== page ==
Early administration of acetaminophen for fever to patients in the intensive care unit did not shorten stays or reduce the rate of death, according to a study published in The New England Journal of Medicine and conducted in New Zealand and Australia. 

Paul Young, MD, and colleagues from the HEAT Investigators and the Australian and New Zealand Intensive Care Society Clinical Trials Group looked at data on 700 patients aged 16 and older with fever of equal ≥38°Celsius who were in the ICU for an identified or probable infection. 

According to the researchers, patients had fevers within 12 hours of being enrolled in the study and were already on antibiotics. Researchers randomly assigned patients 1 g of intravenous acetaminophen or placebo every 6 hours until they were discharged, the fever ended, antibiotics were stopped or the patient died.

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After 28 days, Dr Young and colleagues noted no statistically significant differences between the study and placebo groups in terms of length of stay in the ICU, which was 23 days for the acetaminophen group and 22 days among the placebo group. After 90 days, 55 of the 345 patients in the acetaminophen group had died while 57 had died in the 344 patient placebo group.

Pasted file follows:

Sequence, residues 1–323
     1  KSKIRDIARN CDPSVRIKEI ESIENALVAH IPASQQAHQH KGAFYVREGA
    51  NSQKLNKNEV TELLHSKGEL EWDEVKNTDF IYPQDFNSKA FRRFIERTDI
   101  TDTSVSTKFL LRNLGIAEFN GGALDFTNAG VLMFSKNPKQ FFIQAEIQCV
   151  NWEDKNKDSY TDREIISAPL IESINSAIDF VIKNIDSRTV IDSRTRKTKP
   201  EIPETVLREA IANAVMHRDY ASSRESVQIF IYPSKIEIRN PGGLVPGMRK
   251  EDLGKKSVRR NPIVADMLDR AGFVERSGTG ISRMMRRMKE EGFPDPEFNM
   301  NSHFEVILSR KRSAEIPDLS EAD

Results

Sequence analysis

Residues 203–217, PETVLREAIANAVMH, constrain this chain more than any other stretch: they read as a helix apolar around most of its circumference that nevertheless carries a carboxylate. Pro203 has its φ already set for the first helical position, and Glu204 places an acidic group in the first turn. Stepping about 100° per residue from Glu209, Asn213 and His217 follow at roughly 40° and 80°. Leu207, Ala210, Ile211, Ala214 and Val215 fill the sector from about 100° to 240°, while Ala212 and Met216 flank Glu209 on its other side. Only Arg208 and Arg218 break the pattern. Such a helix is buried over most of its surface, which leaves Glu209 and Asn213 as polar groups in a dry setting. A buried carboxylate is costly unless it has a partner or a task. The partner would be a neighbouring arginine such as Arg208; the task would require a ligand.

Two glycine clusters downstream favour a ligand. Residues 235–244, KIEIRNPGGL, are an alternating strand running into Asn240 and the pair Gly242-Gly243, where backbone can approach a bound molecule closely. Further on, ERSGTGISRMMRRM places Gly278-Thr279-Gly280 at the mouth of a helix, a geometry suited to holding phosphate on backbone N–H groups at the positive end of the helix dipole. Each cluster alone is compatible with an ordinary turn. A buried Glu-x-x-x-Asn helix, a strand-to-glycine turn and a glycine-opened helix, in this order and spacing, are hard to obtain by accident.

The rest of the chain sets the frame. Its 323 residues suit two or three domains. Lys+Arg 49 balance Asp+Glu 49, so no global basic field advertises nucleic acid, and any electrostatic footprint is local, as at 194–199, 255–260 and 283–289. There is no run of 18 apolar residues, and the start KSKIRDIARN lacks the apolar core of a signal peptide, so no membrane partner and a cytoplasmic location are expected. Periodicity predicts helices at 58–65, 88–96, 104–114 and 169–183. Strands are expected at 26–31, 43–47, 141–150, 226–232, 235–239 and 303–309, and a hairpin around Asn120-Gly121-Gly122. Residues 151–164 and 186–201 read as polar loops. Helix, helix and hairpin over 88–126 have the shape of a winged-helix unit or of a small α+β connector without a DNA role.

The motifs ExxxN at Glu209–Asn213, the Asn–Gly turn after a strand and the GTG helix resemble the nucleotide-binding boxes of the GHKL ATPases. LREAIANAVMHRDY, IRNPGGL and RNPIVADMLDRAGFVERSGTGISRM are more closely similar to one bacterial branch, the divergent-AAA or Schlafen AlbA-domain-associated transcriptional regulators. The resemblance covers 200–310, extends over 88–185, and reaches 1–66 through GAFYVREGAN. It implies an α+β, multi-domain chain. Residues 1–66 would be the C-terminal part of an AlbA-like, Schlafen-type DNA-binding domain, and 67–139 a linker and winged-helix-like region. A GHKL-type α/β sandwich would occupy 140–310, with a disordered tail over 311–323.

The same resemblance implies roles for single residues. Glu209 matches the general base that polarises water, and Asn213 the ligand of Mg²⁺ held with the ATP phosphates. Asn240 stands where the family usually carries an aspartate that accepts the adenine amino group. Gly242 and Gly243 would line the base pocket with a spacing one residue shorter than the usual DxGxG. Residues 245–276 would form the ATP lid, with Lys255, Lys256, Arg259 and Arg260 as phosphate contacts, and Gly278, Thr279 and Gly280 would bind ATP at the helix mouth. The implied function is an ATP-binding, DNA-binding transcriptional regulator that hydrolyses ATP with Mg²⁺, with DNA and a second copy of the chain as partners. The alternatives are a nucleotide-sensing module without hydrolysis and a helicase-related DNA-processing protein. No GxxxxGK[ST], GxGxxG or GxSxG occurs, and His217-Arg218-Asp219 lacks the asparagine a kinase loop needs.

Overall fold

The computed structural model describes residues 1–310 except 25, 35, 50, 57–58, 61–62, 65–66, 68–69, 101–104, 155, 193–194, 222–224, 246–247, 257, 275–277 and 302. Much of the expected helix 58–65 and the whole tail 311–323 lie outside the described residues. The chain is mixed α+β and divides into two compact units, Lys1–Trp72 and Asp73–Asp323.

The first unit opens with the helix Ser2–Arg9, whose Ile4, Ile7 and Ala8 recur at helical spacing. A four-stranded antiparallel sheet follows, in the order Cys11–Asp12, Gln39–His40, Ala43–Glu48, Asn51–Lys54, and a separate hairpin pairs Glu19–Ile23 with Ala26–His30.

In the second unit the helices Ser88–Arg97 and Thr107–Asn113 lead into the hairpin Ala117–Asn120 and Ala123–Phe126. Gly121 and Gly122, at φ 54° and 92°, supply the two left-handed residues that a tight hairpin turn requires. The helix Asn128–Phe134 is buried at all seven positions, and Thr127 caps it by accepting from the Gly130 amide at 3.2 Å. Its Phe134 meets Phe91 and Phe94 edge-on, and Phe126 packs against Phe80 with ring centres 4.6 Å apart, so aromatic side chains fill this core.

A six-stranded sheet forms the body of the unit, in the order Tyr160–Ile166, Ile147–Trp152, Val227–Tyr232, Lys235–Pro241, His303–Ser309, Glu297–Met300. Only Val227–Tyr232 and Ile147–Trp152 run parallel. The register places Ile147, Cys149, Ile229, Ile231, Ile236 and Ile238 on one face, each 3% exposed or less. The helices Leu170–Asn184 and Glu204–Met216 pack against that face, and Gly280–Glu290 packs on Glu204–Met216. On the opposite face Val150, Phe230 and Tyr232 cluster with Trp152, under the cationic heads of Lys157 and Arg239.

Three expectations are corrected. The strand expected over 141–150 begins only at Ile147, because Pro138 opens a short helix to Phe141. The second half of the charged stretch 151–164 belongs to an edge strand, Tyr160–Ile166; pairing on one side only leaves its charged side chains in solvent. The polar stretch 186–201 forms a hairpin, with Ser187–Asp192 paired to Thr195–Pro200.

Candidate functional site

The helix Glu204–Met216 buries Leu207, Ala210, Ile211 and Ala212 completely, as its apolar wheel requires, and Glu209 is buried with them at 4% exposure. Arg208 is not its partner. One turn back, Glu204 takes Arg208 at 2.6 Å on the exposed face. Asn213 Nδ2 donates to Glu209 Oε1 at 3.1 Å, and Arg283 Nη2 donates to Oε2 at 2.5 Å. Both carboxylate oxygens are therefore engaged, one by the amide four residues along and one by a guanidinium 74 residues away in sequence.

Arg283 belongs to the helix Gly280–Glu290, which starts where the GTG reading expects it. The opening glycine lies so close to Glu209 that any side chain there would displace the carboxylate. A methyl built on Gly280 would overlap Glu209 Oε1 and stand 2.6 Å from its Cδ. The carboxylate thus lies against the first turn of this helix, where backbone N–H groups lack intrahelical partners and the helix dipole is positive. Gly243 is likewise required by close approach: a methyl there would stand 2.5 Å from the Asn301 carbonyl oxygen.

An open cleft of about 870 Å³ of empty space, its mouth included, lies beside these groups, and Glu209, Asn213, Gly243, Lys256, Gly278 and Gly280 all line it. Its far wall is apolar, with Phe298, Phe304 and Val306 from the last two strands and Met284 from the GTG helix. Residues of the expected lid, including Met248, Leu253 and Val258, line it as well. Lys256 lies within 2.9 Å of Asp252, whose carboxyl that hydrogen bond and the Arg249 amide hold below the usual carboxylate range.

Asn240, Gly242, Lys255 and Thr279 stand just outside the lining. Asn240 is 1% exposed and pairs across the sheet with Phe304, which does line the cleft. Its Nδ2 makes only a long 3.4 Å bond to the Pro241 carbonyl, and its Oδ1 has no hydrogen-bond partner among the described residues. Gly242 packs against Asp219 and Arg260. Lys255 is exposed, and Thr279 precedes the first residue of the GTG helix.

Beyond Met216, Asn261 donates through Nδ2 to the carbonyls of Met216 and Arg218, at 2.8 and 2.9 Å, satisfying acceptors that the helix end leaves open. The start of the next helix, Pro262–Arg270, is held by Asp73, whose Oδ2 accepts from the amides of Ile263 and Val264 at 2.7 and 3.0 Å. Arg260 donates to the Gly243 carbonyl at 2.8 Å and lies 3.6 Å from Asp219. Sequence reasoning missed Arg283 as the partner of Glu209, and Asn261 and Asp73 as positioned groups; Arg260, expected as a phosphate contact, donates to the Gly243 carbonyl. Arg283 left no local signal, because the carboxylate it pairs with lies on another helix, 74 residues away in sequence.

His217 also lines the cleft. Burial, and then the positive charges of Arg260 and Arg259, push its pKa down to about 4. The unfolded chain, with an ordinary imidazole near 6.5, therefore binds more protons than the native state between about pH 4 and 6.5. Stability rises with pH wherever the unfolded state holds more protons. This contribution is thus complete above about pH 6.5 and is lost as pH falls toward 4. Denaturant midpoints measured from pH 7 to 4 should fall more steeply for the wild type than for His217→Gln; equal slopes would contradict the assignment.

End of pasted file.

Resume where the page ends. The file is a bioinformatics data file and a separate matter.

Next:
The researchers reported liver dysfunction caused acetaminophen to be discontinued in 28 patients and for the placebo to be discontinued in 34. One patient in the placebo group died due to high fever.

The study’s limitations included short duration and the fact that the researchers did not have information about the use of acetaminophen before the study or after patients left the ICU. 

The researchers acknowledged that “our results do not preclude the possibility that a more prolonged course of acetaminophen may have a greater influence on patient-centered outcomes” and concluded that “early administration of acetaminophen to treat fever due to probable infection did not affect the number of ICU-free days.”


1. Young P, Saxena M, Bellomo R et al. Acetaminophen for fever in critically ill patients with suspected infection. N Engl J Med 2015; 373:2215-2224.